The article then detailed another shocking statistic from a 2014 Bankrate.com study stating that 39% of respondents aged 18 to 29 say cash is their preferred way to invest money that they don’t need for at least 10 years. Being one of the major asset categories cash definitely does play a part in one’s portfolio. Cash is great if money is needed in the short run; say within the next two years because you do not have to worry about fluctuations. However, given a 10 year timeframe that money would be better off being invested in other assets besides cash because of inflation risk.
More on Inflation Risk
Inflation is an increase in the cost of goods or services, so a dollar today will not buy the same amount of stuff at some point in the future. The lack of ability to buy the same goods with said dollar is also called a reduction of purchasing power. Economies need a certain amount of inflation in order to grow, so if your cash earns less than the inflationary amount you are in trouble. Currently rates for CDs and Money Market accounts are less than 2%, unless you are locking your money in for longer periods of time. The great thing about investing in stocks is that for the risk you take on you receive a rate that is typically higher than inflation which allows your money to grow over the long run.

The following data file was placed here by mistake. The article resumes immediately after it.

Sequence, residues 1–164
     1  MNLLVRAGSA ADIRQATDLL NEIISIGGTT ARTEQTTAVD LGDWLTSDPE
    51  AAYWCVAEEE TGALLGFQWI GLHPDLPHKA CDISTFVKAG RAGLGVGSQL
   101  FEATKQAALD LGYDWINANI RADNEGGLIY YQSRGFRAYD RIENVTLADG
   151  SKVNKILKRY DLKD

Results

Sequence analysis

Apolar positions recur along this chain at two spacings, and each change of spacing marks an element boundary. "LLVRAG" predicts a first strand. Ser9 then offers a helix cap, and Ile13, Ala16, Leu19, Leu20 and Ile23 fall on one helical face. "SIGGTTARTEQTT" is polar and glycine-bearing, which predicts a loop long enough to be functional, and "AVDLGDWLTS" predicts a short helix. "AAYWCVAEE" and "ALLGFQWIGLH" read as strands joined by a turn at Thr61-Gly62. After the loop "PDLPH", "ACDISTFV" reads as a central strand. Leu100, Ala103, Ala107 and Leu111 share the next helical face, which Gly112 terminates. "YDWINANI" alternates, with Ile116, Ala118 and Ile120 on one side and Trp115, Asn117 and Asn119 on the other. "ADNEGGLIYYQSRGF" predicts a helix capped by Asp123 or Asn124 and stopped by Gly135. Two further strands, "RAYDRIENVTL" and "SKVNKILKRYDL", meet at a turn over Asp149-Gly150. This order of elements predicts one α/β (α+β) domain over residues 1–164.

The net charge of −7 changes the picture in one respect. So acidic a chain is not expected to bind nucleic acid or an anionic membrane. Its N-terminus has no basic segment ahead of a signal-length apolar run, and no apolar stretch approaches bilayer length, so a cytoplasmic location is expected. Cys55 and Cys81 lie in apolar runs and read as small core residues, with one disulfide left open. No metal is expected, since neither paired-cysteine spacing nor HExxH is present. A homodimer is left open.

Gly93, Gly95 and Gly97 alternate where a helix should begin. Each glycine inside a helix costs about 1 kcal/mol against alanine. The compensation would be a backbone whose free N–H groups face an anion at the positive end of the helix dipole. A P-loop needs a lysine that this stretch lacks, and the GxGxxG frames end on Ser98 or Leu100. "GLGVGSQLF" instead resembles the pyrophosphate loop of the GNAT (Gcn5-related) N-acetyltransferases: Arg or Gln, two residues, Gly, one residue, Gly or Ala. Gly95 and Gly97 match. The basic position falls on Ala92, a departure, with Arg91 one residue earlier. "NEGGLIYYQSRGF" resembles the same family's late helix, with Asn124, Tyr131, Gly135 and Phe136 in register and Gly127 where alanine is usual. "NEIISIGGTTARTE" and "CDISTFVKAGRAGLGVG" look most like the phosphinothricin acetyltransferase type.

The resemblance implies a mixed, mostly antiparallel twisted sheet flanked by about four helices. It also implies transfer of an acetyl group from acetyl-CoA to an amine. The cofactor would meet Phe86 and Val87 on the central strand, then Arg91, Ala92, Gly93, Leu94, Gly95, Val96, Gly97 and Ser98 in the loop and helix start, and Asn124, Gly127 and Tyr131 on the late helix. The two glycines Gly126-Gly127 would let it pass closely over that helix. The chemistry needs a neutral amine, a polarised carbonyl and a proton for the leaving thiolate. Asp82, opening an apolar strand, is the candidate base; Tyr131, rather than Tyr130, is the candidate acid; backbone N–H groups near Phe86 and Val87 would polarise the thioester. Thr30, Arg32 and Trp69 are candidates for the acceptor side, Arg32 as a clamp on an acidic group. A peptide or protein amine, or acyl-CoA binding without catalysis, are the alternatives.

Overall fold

Emily Pachuta, head of Investor Insights for UBS Wealth Management, said in a release. "Millennials seem to be permanently scarred by the 2008 financial crisis," and that “they have a Depression-era mindset largely because they experienced market volatility and job security issues very early in their careers, or watched their parents experience them, and it has had a significant impact on their attitudes and behaviors." That change in attitude has led to an increased preference for cash with an average of 52 percent of millennials portfolios being in cash, compared to 23 percent for investors of other generations. Investors who are risk averse think that it’s a smarter bet to be in cash, not realizing that they have already lost money due to the inflation risk which cannot be avoided. In the long term, inflation erodes a portfolio’s purchasing power significantly. At an average inflation rate of 3% per year, the value of a portfolio is cut in half every 23 years or so.
The Cost of Being Out of the Market
Below is a graph that shows just how much money an investor could lose by being out of the market on the best days over a given timeframe.